Friday, December 12, 2008

Bettie Page, 1923-2008

Bettie Page died yesterday. I suppose there’s not much I can say, except that I liked her as an icon, and that her look appealed to my personal aesthetic and I think defines a certain major axis/image of beauty in our culture. I have previously already written a “tribute” of sorts to her — my poem “Bettie Page” is published online in Free Verse and can be read here.

It’s interesting that Page’s death has made so much news, since she was or at least seemed to me to be such an underground or subcultural figure. News stories mention that she appeared in Playboy and that she helped lay the groundwork for “the sexual revolution.” From what I have read, the Playboy appearance came about not because she specifically posed for the magazine, but because Hefner later received pictures of Page and liked them. Her centerfold depicted her in a Santa hat. They certainly didn’t use any of her dominatrix poses.

The photo currently being used on CNN and elsewhere shows Page on a sunny beach — a nice picture to be sure, but far from the darker image she usually portrayed and which is her signature style. Given that that is possibly the only one most people will see of her, it seems as if the media is trying to whitewash her, or to portray her something like a brunette Marilyn Monroe, which is really doing her a disservice. Don’t get me wrong, Marilyn Monroe was great, but Bettie Page was completely different and completely original.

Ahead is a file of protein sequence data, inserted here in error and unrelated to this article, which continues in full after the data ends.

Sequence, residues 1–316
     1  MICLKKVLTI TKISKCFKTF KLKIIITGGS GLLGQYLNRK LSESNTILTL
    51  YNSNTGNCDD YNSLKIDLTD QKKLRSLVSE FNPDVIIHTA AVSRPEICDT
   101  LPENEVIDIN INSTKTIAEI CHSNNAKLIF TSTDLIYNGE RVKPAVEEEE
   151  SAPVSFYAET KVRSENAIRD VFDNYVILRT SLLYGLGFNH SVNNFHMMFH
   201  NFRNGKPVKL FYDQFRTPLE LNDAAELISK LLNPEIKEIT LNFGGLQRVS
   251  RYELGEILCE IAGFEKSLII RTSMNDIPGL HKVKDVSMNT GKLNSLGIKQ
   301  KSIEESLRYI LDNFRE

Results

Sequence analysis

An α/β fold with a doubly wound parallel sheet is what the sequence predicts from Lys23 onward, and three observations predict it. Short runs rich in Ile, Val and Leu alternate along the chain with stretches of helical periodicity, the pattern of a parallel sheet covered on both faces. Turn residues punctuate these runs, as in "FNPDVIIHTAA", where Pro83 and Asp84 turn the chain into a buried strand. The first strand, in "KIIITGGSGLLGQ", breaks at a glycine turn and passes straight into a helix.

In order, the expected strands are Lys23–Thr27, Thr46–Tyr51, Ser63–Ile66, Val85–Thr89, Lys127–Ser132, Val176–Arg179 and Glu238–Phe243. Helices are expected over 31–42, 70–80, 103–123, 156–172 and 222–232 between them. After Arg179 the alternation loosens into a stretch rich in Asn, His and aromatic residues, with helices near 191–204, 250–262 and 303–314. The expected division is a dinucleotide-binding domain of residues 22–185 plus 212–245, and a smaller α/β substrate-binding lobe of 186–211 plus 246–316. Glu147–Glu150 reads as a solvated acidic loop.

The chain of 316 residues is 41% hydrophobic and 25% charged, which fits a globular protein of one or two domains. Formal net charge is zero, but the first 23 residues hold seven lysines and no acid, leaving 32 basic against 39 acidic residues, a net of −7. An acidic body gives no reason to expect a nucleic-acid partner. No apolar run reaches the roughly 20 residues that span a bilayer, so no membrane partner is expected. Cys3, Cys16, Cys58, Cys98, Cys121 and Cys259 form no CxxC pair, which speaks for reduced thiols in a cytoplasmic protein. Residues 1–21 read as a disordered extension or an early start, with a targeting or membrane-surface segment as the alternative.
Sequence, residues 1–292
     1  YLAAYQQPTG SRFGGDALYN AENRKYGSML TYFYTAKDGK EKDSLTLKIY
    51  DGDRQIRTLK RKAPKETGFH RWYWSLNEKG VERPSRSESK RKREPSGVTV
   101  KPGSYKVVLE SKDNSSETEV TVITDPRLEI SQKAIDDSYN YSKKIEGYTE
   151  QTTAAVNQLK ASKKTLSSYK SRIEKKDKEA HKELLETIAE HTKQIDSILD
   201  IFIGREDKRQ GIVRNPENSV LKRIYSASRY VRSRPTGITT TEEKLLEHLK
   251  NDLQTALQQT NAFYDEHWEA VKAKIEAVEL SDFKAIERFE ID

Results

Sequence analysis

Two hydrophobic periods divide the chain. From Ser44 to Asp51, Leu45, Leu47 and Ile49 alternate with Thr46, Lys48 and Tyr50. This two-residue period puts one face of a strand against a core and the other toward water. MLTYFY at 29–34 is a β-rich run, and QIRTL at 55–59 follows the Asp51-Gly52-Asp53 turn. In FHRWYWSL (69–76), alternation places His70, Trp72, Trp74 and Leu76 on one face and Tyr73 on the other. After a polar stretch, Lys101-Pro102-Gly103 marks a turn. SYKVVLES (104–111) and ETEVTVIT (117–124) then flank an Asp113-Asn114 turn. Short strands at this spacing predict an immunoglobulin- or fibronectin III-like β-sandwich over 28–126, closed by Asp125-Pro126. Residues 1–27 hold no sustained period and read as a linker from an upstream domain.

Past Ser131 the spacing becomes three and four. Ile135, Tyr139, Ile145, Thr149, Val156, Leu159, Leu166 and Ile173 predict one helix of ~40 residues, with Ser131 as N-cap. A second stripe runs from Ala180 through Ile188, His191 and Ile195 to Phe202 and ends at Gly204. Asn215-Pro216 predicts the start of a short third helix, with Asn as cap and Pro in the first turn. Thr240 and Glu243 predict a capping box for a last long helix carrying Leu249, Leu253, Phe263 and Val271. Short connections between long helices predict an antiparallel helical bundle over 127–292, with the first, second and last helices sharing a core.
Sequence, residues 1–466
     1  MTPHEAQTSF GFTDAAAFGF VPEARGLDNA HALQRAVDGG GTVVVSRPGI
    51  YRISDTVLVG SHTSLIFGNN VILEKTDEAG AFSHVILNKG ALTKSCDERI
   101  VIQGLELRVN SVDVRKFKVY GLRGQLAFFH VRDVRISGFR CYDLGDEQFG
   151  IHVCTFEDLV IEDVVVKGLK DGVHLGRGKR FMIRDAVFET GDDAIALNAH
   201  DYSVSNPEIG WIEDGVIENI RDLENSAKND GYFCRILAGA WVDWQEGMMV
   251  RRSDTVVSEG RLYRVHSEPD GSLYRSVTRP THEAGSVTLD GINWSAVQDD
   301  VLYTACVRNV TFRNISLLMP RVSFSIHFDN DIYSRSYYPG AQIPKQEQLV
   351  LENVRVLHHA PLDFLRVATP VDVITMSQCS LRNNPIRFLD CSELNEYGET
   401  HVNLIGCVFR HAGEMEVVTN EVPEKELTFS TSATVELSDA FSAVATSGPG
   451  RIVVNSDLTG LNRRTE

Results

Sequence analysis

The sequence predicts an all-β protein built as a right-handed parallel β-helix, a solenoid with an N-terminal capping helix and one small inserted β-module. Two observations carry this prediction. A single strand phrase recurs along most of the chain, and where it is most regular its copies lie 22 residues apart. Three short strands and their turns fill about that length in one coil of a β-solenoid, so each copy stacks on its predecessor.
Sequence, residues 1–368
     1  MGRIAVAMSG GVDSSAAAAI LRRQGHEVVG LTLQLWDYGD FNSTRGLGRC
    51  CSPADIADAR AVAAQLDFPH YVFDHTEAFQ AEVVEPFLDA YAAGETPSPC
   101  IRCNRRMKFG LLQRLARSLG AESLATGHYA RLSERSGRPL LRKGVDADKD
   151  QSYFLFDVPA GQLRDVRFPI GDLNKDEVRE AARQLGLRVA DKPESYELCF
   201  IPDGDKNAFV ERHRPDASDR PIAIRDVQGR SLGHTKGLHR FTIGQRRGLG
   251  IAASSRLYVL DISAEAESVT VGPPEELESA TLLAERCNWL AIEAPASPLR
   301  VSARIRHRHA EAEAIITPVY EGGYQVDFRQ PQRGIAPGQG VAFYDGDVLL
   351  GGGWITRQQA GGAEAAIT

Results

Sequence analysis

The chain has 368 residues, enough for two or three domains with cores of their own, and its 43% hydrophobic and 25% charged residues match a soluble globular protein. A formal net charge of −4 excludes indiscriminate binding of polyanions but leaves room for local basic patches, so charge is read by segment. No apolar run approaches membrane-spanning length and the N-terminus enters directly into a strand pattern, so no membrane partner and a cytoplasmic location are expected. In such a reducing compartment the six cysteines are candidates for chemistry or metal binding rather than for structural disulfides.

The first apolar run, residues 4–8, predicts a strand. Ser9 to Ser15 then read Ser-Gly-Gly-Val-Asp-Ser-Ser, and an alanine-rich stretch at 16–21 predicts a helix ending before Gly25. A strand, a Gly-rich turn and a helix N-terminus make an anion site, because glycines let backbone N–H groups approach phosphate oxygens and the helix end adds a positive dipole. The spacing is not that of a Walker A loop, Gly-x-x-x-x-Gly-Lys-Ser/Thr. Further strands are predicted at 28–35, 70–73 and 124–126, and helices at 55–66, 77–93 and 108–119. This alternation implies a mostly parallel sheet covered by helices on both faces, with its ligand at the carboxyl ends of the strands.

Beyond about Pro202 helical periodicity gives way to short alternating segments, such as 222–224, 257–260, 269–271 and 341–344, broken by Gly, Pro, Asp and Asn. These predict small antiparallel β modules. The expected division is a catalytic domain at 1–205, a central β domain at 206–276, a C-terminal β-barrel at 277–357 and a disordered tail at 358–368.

As far as the “sexual revolution” stuff, yes she was known as a pin-up in the 50s, but she didn’t really resurface as an icon until the 80s or so, and then in a very underground, non-mainstream kind of way. She herself didn’t seem to want the spotlight at all, though in 2006 she did say in an LA Times interview: “I want to be remembered as the woman who changed people’s perspectives concerning nudity in its natural form.” In any case, I guess it’s good to see her getting her due in her time of death, even if the media wants to pretend they were there all along.

Friday, December 05, 2008

Harmony Korine’s Mister Lonely

I saw Harmony Korine’s newest film, Mister Lonely (2007), which recently came out on DVD. There have been some bad reviews, some mixed, some good, but I really thought it was a great film. Diego Luna plays a Michael Jackson impersonator who meets a Marilyn Monroe impersonator (played by Samantha Morton), who takes him to a commune of other impersonators. This storyline is juxtaposed throughout the film with images of nuns jumping out of an airplane as an act of faith, and surviving unharmed. There are some great scenes of the nuns plummeting through the air. Werner Herzog is amazing in this section as a German priest. Seemingly, the two parts are unrelated, yet both have to do with communal living and the sense of being alienated or separated from mainstream society. Both storylines end tragically.